It took them four rounds, but the New York Jets finally pulled the trigger on a wide receiver prospect, adding Oklahoma product Jalen Saunders to their depleted wide receiving corps.
The first thing that jumps out about Saunders is his size, and for all the wrong reasons. At 5'8", 165 pounds, Saunders will be limited to the slot in the NFL—but he certainly plays much bigger than his size would otherwise suggest.
Saunders is one of the toughest receivers in the draft, especially considering the fact that he is smaller than just about every defensive player he has ever lined up against. Saunders is unafraid to go over the middle and lay out for contested catches and blocks as ferociously as any receiver in the draft.
Saunders makes up for his lack of size with his speed and quickness. Boasting a solid 4.44 40-yard dash, Saunders can get to top speed in a hurry. He can change direction in the blink of an eye, making him a perfect fit as an NFL slot receiver.
Despite his underwhelming size, Saunders is a tremendously durable player—an underrated quality that is not often found in slot receivers that are subject to taking hits from bigger linebackers and safeties.
Hey, Jalen Saunders, describe your style of play. Says he's "like a gorilla," and then says "a terrier." #Jets— Dennis Waszak Jr. (@DWAZ73) May 10, 2014
His speed and quickness can also make him a dangerous return man. After adding Dexter McDougle in the third round, the Jets have more than enough competition for Jacoby Ford at both kick returner positions.
While he may be limited to the slot, that does not mean he is incapable of going deep. Saunders can track the ball well down the field, playing like a receiver 10 inches taller than he really is.
He does, however, have small hands that make life difficult for him when competing for 50/50 passes. His size also makes him easy to push around—the primary reason why it will be nearly impossible for him to play on the outside in the NFL.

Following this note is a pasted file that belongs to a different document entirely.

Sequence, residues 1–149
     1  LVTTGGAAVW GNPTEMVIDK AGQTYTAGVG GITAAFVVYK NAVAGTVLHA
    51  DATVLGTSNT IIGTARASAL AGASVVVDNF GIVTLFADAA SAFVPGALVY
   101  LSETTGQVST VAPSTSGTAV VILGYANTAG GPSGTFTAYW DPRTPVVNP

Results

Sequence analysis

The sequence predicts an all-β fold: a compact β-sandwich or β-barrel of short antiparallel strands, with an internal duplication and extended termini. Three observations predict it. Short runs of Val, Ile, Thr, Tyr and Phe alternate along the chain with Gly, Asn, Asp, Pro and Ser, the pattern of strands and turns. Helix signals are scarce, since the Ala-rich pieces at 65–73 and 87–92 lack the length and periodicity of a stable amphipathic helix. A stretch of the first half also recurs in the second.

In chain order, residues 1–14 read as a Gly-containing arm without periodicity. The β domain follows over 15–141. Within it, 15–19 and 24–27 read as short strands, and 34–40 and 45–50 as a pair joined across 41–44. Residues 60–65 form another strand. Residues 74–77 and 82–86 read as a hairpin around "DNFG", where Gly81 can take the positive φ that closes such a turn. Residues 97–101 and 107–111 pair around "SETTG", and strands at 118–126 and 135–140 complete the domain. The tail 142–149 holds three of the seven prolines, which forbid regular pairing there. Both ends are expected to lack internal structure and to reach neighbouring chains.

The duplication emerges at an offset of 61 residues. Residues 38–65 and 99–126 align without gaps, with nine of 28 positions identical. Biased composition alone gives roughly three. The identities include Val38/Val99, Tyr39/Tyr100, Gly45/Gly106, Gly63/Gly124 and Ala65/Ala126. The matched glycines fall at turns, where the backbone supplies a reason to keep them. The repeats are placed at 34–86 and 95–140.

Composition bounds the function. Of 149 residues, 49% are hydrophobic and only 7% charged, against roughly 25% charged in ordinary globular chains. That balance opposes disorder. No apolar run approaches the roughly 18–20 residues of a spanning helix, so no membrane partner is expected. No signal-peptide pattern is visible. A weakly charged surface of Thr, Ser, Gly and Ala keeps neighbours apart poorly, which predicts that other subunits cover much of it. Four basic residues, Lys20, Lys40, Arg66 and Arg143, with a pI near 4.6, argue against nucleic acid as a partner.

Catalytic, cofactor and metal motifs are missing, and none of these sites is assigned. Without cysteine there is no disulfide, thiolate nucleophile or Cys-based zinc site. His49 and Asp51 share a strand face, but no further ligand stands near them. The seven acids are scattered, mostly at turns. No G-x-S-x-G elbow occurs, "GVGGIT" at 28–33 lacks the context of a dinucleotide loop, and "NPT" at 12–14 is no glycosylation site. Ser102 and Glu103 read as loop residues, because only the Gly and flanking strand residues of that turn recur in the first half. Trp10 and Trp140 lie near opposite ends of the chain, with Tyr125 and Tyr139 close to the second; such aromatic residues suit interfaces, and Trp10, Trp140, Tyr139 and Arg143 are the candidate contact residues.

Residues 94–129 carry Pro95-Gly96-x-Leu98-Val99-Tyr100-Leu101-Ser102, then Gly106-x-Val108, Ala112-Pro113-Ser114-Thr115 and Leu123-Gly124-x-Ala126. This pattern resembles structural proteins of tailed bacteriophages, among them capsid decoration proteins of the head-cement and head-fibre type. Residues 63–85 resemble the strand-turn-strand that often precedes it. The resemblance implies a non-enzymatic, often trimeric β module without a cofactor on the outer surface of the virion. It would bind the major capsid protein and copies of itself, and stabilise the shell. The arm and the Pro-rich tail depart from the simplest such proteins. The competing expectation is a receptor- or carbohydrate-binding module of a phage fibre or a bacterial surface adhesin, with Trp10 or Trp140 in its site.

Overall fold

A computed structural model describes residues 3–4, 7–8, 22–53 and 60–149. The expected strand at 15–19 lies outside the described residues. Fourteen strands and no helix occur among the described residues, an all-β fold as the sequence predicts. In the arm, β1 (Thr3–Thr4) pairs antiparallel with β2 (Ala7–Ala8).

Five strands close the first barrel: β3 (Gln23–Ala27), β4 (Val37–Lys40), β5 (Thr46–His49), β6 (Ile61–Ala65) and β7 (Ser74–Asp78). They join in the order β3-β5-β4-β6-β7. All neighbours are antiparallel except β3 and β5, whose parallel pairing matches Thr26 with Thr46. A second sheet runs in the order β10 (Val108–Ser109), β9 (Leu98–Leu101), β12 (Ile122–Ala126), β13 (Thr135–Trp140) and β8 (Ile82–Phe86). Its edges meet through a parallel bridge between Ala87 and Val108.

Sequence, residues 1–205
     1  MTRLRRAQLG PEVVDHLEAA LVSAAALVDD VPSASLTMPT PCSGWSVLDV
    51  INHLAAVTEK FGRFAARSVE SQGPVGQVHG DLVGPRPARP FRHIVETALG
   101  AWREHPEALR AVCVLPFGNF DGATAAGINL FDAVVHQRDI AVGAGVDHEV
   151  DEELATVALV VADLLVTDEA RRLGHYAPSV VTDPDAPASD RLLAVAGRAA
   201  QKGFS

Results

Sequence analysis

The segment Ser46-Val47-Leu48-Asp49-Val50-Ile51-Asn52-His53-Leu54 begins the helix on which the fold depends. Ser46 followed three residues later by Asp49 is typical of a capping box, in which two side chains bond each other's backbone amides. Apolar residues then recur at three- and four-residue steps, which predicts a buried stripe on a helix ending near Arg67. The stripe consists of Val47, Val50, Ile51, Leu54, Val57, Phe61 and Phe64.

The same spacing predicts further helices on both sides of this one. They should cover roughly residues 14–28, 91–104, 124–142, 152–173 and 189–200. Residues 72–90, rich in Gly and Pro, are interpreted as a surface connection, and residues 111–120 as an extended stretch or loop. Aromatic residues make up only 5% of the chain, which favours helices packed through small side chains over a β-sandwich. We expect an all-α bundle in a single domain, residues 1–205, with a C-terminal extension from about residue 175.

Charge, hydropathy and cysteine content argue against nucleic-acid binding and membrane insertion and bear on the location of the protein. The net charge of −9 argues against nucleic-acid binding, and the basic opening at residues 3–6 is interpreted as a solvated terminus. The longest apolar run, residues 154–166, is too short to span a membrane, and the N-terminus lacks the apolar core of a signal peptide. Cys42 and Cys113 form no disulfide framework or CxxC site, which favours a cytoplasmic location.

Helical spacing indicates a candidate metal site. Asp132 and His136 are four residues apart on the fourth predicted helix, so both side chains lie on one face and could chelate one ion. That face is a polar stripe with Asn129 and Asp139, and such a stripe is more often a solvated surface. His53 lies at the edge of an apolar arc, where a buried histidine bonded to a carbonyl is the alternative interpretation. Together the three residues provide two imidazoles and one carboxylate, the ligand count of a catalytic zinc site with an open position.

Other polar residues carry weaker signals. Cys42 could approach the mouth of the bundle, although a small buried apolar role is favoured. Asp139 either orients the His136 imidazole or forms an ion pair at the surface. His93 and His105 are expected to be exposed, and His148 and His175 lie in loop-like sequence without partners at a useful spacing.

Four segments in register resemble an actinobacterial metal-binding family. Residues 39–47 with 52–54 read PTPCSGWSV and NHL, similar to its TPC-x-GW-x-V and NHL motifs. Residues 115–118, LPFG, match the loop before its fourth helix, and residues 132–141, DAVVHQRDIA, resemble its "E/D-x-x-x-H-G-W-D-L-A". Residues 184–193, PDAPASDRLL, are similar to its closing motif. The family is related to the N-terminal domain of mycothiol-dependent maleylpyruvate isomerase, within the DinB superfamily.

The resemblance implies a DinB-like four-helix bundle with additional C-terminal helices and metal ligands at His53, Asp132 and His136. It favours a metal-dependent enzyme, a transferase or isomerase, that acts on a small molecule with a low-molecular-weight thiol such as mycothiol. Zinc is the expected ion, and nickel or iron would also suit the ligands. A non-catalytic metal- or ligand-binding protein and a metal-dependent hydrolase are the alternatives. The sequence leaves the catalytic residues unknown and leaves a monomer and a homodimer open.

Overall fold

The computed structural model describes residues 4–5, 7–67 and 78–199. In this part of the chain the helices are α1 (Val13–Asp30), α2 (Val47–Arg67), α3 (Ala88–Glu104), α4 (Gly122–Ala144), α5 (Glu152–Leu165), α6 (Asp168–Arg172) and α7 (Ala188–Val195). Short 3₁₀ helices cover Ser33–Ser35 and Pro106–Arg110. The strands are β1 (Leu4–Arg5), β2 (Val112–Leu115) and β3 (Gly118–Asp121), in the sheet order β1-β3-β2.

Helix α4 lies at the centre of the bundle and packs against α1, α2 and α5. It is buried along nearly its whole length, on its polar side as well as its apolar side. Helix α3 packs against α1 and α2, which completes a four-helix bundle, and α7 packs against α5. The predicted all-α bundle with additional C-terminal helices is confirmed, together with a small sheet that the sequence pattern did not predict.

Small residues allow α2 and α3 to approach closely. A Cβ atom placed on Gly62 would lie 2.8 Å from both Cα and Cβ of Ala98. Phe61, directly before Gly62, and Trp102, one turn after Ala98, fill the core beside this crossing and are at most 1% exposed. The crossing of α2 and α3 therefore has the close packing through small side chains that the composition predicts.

Saunders has the talent and character to warrant this selection in the fourth round, but for the Jets, the fit does not quite match up with the need. At this point, the Jets should be in the market for a bigger "X" receiver to play opposite Eric Decker, not an interior slot player.
One of the few bright spots of the Jets offense is their incumbent slot receiver, Jeremy Kerley. Should they really be using their draft resources on extra slot receivers with so many other needs to address on their roster?
Saunders will find himself in an odd situation—he may start training camp as the third-best receiver on the team, but limitations as a slot receiver will prevent him from ever reaching the starting lineup. Unless the Jets believe Kerley can play on the outside, Saunders will have to rely on the innovation of offensive coordinator Marty Mornhinweg to make an impact on the regular offense.
It appears as if the Jets picked Saunders for his on-field demeanor as much as his ability. He may not get as much playing time as his talent would otherwise suggest, but he will set a tone in practice and training camp that will be infectious. His toughness and attention to detail are a coach's dream.